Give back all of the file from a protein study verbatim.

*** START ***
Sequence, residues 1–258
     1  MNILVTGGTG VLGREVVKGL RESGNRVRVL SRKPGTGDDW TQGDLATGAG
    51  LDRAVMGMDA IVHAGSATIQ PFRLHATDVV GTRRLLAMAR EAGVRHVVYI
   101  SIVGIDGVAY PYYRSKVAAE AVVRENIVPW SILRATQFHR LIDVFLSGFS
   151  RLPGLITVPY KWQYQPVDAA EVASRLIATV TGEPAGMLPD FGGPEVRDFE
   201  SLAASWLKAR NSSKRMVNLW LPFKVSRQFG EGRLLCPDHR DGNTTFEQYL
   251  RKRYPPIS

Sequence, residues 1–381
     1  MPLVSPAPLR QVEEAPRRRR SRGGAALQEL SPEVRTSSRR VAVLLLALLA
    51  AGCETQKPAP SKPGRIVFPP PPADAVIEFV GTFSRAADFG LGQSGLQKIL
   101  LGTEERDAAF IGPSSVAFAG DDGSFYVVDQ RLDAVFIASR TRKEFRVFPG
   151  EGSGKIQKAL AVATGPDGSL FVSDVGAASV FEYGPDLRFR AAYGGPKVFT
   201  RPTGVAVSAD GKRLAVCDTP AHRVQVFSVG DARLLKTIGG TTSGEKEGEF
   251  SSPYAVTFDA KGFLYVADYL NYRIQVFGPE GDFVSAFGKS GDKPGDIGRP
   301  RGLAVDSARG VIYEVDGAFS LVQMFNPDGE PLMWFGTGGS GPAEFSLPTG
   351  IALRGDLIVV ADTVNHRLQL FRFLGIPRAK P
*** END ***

Sequence, residues 1–258
     1  MNILVTGGTG VLGREVVKGL RESGNRVRVL SRKPGTGDDW TQGDLATGAG
    51  LDRAVMGMDA IVHAGSATIQ PFRLHATDVV GTRRLLAMAR EAGVRHVVYI
   101  SIVGIDGVAY PYYRSKVAAE AVVRENIVPW SILRATQFHR LIDVFLSGFS
   151  RLPGLITVPY KWQYQPVDAA EVASRLIATV TGEPAGMLPD FGGPEVRDFE
   201  SLAASWLKAR NSSKRMVNLW LPFKVSRQFG EGRLLCPDHR DGNTTFEQYL
   251  RKRYPPIS

Sequence, residues 1–381
     1  MPLVSPAPLR QVEEAPRRRR SRGGAALQEL SPEVRTSSRR VAVLLLALLA
    51  AGCETQKPAP SKPGRIVFPP PPADAVIEFV GTFSRAADFG LGQSGLQKIL
   101  LGTEERDAAF IGPSSVAFAG DDGSFYVVDQ RLDAVFIASR TRKEFRVFPG
   151  EGSGKIQKAL AVATGPDGSL FVSDVGAASV FEYGPDLRFR AAYGGPKVFT
   201  RPTGVAVSAD GKRLAVCDTP AHRVQVFSVG DARLLKTIGG TTSGEKEGEF
   251  SSPYAVTFDA KGFLYVADYL NYRIQVFGPE GDFVSAFGKS GDKPGDIGRP
   301  RGLAVDSARG VIYEVDGAFS LVQMFNPDGE PLMWFGTGGS GPAEFSLPTG
   351  IALRGDLIVV ADTVNHRLQL FRFLGIPRAK P